Skip to main content

Talk: Automated and Foundational Verification of Low-Level Programs

Michael Sammler: PhD Student, Max Planck Institute for Software Systems

Event Details

Tuesday, February 28, 2023
4-5 p.m.


Abstract: The correctness of low-level software like operating systems or
hypervisors is crucial to the reliability and security of modern
applications. This makes such low-level programs a prime target for
formal verification. However, to apply formal verification to
low-level software, we must deal with three challenges:
1) handling realistic systems code and programming languages, which is
often idiomatic and nuanced,
2) ensuring the soundness of the verification technique, ideally via
foundational proofs in a proof assistant, and
3) automating the verification as much as possible.

In this talk, I present my work and my vision towards
advancing formal verification along these dimensions simultaneously.
Concretely, the talk focuses on RefinedC, a new approach to verifying
C code that combines foundational proofs with a high degree of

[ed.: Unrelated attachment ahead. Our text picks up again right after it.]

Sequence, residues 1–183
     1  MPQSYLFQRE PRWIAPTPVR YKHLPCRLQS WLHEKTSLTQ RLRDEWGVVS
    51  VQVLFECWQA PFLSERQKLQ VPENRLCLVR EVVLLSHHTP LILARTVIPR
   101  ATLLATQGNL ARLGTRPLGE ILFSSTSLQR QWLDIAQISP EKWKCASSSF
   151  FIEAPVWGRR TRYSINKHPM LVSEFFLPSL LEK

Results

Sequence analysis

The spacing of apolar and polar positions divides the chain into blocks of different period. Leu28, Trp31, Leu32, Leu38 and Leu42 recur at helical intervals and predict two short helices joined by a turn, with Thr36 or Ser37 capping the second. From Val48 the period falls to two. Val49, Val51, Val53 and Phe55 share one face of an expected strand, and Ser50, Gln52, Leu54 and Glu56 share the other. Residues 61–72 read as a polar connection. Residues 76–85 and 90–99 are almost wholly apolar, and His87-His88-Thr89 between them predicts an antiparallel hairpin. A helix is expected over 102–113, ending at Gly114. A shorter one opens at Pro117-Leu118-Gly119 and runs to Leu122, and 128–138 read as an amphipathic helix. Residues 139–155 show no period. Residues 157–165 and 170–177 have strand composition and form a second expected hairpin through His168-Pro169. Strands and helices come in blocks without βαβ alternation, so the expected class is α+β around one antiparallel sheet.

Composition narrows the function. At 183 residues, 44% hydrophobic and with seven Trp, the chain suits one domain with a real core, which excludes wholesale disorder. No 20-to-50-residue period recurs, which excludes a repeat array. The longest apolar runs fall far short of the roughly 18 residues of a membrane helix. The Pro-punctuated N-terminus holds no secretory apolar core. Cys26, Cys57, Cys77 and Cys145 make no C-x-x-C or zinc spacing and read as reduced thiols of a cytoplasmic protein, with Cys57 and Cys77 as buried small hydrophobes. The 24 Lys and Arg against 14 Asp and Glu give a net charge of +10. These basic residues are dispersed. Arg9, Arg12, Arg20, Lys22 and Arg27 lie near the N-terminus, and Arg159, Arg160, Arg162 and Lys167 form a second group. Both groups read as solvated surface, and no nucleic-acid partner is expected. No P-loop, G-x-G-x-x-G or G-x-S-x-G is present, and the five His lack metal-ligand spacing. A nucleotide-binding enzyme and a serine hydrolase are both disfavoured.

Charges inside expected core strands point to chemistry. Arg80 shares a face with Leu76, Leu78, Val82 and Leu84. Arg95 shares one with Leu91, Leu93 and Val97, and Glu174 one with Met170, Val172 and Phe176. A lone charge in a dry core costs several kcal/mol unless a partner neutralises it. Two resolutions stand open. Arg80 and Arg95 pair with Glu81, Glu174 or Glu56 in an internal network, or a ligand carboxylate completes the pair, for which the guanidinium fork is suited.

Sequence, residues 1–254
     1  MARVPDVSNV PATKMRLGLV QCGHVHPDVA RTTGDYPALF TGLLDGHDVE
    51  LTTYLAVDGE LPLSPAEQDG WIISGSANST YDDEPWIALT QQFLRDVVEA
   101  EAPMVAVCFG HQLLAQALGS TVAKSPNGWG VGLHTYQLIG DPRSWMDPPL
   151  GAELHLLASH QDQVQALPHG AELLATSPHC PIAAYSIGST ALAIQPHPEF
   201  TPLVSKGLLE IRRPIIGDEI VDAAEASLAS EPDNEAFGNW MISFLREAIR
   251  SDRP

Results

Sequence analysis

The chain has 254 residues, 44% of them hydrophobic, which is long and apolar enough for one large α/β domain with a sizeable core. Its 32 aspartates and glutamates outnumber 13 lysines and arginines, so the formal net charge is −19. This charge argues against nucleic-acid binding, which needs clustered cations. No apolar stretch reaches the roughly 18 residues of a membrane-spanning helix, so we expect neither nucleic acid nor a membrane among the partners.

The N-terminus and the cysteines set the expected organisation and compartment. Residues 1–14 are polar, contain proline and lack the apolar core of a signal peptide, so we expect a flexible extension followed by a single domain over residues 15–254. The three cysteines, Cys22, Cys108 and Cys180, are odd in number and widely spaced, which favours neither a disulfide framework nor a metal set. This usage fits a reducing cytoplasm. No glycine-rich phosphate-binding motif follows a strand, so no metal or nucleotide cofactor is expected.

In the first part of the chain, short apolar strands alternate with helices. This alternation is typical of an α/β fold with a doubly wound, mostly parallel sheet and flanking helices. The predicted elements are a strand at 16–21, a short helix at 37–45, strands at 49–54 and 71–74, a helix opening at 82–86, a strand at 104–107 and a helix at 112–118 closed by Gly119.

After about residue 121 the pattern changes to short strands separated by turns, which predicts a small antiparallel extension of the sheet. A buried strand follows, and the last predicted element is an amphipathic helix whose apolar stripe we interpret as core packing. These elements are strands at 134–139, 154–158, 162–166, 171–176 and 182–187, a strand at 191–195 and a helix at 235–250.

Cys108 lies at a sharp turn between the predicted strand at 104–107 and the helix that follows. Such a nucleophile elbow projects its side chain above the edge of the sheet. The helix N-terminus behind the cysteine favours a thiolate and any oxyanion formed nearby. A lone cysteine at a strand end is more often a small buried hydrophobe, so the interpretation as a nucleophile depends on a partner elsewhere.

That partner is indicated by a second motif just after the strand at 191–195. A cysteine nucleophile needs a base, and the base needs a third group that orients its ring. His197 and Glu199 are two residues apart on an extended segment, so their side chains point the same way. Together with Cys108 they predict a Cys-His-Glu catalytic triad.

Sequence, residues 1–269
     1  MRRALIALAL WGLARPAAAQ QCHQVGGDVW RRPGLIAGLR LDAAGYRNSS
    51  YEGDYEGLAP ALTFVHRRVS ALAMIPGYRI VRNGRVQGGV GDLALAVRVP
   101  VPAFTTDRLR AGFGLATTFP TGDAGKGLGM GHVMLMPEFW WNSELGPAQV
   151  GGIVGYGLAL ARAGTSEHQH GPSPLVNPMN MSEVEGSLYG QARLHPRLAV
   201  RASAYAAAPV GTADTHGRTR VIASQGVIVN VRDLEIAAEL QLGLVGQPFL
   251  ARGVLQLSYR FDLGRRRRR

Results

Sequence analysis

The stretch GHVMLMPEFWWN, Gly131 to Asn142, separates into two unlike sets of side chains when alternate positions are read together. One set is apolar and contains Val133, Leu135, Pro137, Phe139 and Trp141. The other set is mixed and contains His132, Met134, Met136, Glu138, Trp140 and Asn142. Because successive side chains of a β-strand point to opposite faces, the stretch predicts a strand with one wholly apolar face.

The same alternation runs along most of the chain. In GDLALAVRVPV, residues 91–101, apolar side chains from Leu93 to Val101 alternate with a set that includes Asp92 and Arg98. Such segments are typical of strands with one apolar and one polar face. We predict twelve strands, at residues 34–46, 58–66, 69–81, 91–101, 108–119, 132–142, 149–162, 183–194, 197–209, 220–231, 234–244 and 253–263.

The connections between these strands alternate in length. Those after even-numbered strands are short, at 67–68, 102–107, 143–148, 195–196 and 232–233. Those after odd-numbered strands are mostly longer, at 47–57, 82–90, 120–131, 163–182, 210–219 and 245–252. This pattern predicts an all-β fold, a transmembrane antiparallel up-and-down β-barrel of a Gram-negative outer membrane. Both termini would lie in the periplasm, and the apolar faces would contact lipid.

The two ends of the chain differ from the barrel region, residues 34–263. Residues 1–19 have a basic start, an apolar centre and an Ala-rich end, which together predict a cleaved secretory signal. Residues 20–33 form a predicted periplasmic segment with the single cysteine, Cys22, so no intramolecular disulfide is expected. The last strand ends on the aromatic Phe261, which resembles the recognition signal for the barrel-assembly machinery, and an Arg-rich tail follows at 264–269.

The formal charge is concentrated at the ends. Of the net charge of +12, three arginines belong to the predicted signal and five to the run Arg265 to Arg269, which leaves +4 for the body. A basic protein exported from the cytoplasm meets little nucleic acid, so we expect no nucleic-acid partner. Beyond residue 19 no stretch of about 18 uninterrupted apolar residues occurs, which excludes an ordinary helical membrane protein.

automation. RefinedC achieves this via a novel combination of
refinement and ownership types, and a new backtracking-free proof
search procedure for separation logic. I also outline my vision that
uses RefinedC as the center piece of a unified foundational framework
for verifying realistic multi-language programs (e.g., programs
written in C and assembly).

Bio: Michael Sammler is a PhD student at the Max Planck Institute for Software Systems under the supervision of Deepak Garg and Derek Dreyer. His research focuses on developing techniques for formal verification of realistic low-level systems software that combine machine-checked proofs with a high degree of automation. He has received multiple awards for his research, including Distinguished Paper awards at PLDI, POPL, and USENIX Security, and a Google PhD fellowship.